Walking along the banks of the Capellades millpond for the first time is like stepping into a postcard. There was a time when 12 million litres of water a day flowed from this natural, crystalline source. More than enough to power the 16 paper mills that existed in the area. Whole families made their living in this sector, either by selecting rags used to make paper pulp, preparing the glue, dying or packaging the sheets.
So much so that, during the 18th and 19th centuries, this Catalonian town became one of the most important paper-producing centres in Europe, supplying much of the Spanish market, South America, and the Phillipines.
On the other side of the millpond, one of these old mills still stands, transformed into a museum in 1958. The architectural layout of the Capellades Paper Mill Museum is typical of these types of buildings, which needed to be suitable both for producing paper as well as housing the owner or tenant of the mill.
The 2,200m² building is spread over four floors and one basement, housing an important collection of original machinery and tools used for papermaking, from basins to vats and presses. Energy was generated by the hydraulic wheel, which transformed the moving water of the pond into mechanical energy, driving the blades which carved up the old rags.
Around 30 people would work in this space – men, women and apprentices, many of them children. As the museum guide explains, they would produce 4,500 sheets of paper a day under harsh working conditions. In fact, it was common for them to develop respiratory diseases as a result of inhaling the dust that the rags gave off when treated. They also developed hearing problems due to the noise of the machines.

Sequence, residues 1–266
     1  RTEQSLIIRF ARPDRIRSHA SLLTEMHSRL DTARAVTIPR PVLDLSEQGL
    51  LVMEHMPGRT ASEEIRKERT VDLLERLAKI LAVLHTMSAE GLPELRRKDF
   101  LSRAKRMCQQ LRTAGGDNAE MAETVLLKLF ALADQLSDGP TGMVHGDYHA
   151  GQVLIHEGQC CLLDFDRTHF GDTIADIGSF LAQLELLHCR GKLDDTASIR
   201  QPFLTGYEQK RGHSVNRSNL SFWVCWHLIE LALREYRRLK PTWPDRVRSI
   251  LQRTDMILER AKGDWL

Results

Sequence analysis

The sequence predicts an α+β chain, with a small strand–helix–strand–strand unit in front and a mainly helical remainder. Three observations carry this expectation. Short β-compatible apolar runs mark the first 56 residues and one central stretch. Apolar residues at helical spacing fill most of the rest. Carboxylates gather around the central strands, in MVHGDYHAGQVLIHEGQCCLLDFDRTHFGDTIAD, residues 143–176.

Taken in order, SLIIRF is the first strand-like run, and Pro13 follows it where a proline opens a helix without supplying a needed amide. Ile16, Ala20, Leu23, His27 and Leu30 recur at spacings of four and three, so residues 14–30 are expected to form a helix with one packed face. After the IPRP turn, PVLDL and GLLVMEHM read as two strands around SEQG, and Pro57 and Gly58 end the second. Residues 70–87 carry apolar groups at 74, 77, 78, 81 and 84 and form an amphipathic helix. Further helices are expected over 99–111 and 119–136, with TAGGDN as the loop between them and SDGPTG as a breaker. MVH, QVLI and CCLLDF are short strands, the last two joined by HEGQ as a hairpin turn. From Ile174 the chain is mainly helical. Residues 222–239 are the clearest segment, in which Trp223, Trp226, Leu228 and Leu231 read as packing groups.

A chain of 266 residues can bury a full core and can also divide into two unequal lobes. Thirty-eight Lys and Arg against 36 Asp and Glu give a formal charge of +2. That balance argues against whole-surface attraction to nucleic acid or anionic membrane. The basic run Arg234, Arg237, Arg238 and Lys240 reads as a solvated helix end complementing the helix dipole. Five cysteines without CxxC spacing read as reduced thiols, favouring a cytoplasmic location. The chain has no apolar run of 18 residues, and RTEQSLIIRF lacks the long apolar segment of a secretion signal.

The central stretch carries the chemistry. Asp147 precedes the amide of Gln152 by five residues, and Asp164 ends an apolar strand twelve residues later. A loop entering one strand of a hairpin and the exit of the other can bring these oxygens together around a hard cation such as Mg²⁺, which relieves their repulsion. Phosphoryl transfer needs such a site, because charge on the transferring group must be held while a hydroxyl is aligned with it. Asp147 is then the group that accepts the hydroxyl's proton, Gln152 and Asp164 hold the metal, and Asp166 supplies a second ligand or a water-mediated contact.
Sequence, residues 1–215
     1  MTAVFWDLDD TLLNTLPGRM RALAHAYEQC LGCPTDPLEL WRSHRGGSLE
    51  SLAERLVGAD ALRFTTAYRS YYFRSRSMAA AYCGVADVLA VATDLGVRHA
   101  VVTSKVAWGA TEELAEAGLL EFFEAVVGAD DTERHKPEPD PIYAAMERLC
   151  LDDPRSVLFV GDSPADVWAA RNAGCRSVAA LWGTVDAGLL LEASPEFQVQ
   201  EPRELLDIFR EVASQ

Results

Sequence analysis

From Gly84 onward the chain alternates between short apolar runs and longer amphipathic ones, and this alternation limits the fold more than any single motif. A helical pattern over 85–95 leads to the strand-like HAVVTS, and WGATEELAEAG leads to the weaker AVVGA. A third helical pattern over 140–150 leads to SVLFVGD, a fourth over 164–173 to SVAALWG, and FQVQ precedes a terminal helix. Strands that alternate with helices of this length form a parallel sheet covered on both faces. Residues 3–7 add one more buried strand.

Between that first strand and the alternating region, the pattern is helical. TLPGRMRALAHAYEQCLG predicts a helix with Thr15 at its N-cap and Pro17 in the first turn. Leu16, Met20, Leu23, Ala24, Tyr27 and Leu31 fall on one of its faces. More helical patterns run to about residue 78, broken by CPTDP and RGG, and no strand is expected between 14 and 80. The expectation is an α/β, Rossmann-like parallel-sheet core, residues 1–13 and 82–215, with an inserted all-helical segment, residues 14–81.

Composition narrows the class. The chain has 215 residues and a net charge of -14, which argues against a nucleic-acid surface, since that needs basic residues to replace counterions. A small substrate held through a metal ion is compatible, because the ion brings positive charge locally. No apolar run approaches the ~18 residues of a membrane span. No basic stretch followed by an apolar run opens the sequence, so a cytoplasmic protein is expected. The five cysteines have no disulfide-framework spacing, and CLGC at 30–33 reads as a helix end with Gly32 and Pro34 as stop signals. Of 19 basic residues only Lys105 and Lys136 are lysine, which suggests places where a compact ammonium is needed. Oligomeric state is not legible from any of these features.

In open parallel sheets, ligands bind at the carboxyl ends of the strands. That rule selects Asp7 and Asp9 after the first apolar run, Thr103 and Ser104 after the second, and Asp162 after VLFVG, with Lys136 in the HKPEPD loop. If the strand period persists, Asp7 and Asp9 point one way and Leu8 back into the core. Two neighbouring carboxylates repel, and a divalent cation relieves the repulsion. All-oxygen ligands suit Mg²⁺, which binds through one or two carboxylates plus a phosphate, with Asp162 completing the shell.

The museum has permanent exhibition rooms about the history of paper, from its origins to present-day manufacturing processes, as well as a lookout point in the upstairs drying room, an open space where the paper was laid on ropes to let it dry. The resources centre includes a specialised library with more than 600 paper-related titles, as well as housing a collection of smoking paper booklets.
Today, the Capellades Paper Mill Museum receives around 31,000 visitors a year, who can learn about the papermaking process through workshops. Unusually, the basement is still used to produce handmade paper using different fibres (cotton, linen, abaca, etc.), sizes, colours and watermarks for artist books and even wedding invitations. All of which makes it one of the world’s most outstanding museums on the subject of paper.